4

My pet seems lethargic and is sleeping more than normal. Why is he so tired?

Boarding services are dedicated to ensuring that animals left in their care are kept active and entertained as much as possible. This helps to keep them healthy and mentally stimulated, which can prevent undesirable behaviors such as chewing or scratching from developing. Chances are, if Max seems more tired than usual and seems to be sleeping a lot, it is because the staff at the Downtown Dog Resort have done a good job at keeping him busy. He simply needs to catch up on some well-earned rest and relaxation. If your pet isn’t back to normal within a couple of days and you are concerned, speak to your vet.

5

My pet is drinking more than usual since he came home. Should I be concerned?

Much like with their eating, pets seem to drink a little less than normal when they are in boarding. This doesn’t mean that Arlo didn’t drink when he was in boarding. All animals in any good boarding facility will have plenty of access to fresh water during the day. Often it is just a case of Arlo feeling more comfortable drinking water at home and choosing to catch up on his fluid consumption once he is back in familiar territory. If he continues to drink excessive amounts and you are concerned, it is important that you speak to your veterinarian in case there is an underlying medical problem, such as diabetes.

6

Vaccinations Must Be up to Date

Although every kennel will have individual admittance criteria, one thing is certain – any reputable kennel that places a high value on the health of your dog will insist that his vaccinations are up to date and that proof of this is provided before they will allow him entry. This is because there are plenty of serious diseases that can be spread very quickly in places with lots of dogs, making kennels the perfect breeding ground for illness. By ensuring all dogs are up to date with their vaccinations., the risk of your pet and others becoming sick is minimized.

7

My pet is clingy and won’t leave me alone. He even gets upset if I leave the room. What can I do?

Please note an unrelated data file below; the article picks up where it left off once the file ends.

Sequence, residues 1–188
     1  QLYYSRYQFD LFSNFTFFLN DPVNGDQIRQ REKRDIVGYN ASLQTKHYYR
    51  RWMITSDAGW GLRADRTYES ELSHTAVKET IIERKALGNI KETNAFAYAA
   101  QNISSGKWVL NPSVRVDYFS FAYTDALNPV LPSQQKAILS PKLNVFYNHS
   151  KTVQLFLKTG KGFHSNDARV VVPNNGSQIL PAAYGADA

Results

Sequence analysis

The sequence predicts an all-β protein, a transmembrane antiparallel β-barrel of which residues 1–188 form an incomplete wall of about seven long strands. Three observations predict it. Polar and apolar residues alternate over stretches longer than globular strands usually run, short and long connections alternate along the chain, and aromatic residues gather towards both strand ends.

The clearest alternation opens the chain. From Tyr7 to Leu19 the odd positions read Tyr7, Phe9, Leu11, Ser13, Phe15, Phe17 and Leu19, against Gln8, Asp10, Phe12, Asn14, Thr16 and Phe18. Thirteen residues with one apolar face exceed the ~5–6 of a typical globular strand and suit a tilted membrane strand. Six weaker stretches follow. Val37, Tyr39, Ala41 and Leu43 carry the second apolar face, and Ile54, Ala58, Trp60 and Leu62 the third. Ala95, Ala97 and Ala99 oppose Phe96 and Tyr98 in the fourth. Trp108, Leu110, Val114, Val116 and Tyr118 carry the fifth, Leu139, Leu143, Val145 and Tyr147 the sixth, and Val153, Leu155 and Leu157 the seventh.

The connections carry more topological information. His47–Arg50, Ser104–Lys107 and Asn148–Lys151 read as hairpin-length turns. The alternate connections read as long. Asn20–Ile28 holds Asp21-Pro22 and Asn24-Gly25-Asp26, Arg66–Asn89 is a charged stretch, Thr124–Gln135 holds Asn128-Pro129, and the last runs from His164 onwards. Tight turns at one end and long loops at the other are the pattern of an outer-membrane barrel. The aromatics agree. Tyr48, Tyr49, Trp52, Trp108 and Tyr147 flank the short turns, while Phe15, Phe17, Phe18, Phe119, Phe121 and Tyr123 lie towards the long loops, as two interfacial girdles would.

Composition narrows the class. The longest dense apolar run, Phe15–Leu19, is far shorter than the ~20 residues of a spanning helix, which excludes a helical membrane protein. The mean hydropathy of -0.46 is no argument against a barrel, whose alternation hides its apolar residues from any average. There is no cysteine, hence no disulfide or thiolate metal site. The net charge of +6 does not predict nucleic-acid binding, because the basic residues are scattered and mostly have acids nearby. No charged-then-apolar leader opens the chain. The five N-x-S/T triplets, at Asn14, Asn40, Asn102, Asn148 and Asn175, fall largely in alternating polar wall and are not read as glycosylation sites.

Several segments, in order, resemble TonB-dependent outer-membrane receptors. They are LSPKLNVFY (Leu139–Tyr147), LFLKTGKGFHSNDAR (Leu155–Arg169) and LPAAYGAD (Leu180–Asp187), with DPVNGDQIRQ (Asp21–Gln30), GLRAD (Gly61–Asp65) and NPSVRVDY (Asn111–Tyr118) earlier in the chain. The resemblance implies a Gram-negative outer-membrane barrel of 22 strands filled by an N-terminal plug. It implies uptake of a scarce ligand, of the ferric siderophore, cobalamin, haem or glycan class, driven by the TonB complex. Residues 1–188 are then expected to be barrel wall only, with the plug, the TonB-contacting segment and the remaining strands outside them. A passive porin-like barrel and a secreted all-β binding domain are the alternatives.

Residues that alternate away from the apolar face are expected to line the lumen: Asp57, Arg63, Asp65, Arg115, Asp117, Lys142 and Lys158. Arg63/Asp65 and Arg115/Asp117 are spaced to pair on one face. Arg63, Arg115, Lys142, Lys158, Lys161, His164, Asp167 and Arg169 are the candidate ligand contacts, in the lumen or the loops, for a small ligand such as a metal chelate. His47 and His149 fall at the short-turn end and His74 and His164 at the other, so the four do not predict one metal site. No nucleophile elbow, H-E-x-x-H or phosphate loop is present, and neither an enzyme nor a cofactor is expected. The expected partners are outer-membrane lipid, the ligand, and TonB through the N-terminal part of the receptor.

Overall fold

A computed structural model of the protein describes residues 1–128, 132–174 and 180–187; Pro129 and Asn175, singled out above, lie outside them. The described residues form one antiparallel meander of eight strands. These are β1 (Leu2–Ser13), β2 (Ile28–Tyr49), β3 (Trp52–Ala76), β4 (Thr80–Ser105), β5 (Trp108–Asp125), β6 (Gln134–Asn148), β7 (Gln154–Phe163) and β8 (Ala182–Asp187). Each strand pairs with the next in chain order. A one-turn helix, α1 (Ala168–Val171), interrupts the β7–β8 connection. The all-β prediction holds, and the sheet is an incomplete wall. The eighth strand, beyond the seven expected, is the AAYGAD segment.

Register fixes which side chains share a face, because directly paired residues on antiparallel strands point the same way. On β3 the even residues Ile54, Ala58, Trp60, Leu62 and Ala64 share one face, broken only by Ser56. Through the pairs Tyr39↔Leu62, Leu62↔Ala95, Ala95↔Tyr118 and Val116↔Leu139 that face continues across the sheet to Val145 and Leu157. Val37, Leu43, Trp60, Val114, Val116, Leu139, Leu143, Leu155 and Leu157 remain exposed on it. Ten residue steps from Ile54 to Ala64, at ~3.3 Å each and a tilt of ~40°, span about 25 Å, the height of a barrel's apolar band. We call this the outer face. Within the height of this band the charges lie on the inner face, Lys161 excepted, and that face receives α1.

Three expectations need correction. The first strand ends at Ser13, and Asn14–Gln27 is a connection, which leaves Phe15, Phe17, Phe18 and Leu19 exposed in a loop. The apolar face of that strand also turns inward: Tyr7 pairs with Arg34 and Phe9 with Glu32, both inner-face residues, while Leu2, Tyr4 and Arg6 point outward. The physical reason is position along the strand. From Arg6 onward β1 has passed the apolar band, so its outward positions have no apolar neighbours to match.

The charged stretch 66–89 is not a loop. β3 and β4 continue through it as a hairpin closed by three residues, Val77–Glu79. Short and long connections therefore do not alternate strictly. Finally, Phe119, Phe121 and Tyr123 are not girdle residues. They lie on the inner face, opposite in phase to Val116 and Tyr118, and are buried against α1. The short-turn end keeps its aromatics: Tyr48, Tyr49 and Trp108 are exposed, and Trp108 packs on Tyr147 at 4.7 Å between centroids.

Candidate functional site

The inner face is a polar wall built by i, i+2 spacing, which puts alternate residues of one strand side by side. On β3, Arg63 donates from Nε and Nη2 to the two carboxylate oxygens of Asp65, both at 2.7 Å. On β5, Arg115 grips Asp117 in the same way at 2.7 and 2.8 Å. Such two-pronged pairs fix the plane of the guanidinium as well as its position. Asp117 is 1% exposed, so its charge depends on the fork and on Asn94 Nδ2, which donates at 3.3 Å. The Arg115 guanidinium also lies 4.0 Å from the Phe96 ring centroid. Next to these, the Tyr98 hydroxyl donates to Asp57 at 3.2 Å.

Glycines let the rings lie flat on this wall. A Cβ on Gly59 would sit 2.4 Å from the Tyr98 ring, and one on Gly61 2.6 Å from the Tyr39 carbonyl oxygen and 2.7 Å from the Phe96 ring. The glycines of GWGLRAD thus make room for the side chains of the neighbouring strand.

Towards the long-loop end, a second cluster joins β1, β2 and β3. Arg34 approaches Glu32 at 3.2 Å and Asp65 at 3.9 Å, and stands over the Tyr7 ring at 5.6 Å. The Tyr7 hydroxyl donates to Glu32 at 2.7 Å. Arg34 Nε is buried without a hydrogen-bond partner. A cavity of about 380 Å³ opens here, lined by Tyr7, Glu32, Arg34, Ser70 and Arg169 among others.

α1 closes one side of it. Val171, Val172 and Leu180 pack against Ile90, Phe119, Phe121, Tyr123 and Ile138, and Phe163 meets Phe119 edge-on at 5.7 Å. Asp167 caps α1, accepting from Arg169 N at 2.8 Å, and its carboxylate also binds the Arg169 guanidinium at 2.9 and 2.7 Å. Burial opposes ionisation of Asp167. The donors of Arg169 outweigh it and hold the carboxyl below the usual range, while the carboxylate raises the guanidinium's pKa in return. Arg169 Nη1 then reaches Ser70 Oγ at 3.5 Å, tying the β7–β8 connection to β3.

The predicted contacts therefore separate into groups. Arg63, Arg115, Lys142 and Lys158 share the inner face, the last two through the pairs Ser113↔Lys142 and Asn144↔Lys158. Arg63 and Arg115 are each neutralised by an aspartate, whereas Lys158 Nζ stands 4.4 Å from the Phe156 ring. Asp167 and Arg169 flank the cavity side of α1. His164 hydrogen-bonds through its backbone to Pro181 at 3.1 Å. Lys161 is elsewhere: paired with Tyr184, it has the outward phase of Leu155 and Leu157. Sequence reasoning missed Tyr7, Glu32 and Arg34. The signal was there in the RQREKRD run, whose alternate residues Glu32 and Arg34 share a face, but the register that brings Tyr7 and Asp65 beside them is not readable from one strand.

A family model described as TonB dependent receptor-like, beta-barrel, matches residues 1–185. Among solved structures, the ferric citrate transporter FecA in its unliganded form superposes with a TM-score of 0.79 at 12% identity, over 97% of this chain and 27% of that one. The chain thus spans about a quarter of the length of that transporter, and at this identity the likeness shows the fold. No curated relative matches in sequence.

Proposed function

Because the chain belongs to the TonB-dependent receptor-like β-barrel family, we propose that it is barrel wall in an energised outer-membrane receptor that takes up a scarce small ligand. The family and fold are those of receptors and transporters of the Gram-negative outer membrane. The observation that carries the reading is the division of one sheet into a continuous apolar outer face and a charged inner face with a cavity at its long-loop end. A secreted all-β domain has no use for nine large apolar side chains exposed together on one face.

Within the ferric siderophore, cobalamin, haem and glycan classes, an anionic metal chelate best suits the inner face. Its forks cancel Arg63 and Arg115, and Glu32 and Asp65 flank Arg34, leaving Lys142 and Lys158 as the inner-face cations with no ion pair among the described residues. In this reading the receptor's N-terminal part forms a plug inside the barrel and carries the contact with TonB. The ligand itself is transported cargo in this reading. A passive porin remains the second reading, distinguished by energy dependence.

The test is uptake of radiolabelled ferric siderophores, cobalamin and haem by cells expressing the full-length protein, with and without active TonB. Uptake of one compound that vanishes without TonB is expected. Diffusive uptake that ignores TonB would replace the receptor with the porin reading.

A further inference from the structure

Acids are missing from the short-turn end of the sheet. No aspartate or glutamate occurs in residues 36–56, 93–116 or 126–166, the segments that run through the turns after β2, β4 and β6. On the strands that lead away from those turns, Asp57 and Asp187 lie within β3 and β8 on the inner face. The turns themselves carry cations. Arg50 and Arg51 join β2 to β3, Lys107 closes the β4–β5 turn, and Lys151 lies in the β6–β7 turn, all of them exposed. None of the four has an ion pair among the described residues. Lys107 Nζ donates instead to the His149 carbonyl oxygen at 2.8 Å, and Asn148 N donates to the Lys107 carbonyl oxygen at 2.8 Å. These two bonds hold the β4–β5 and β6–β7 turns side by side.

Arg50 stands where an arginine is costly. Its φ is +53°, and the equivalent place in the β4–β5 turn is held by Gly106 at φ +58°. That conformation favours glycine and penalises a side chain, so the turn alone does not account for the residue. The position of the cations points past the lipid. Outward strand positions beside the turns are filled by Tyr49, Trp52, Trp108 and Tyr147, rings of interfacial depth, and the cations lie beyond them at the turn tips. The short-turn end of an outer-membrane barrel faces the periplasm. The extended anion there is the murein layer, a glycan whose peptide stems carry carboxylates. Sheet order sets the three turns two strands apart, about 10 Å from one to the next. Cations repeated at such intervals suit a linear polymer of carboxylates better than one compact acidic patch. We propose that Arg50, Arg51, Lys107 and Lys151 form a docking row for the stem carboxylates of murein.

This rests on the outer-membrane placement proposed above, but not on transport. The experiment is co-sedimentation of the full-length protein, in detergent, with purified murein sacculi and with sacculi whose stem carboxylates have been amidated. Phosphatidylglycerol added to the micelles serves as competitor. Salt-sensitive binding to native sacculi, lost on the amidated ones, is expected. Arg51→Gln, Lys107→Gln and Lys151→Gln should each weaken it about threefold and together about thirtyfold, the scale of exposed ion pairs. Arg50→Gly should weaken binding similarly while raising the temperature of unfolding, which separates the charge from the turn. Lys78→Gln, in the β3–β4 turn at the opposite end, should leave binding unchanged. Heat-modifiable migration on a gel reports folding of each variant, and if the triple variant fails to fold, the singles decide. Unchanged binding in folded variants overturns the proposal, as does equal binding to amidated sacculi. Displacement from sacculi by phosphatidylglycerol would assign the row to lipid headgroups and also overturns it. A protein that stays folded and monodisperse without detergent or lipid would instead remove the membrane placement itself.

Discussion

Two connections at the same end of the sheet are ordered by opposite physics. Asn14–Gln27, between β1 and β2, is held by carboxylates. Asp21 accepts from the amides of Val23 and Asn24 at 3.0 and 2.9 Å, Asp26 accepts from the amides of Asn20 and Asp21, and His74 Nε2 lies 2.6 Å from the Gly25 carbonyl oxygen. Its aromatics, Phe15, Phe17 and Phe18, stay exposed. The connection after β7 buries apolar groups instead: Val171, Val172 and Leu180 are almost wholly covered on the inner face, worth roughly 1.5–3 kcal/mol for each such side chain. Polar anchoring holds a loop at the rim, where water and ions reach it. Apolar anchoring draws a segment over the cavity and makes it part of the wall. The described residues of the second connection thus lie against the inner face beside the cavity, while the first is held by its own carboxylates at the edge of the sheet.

Many animals suffer from a little separation anxiety when they are left in boarding and it isn’t at all unusual to find that your pet is more than a little clingy when you first bring him home. Chances are that your pet is just feeling the effects of separation anxiety and wants to spend as much time with you as possible once he comes home. With a lot of love and reassurance he will soon adjust. It is best to go back to your usual routine as quickly as possible so that you don’t set up any unrealistic expectations for how much time you will be able to spend with him normally day to day.

8

Different Kennels Have Different Policies and Rules

You may have boarded your dog before. However, if you are using a new boarding facility it is essential to speak to them about their policies and rules surrounding various aspects of your canine’s care. This will include:

 

What food they can provide or whether you can provide your own

What their policy is on 1-1 walking and playtime or daycare

What items your dog can bring from home

What they will do in case of a medical emergency

Whether they are happy to administer medication

These represent just a few of the different things that you will need to consider when choosing the right kennels for your dog while he is being boarded.

9

Kennel Cough and Dog Boarding

Kennel cough is a very common infection of the respiratory system. It can be caused by a wide range of bacteria and viruses and is highly contagious and airborne. This means that it is very easily spread amongst dogs, particularly when there are a number of them living in close proximity to one another – such as when they are boarding.

Although a dog’s respiratory system is designed to protect them against infections, the stressful nature of boarding combined with the crowded environment means that canines are less able to fight it effectively. Dogs who are also particularly young, elderly, or suffering from existing illness are also more vulnerable.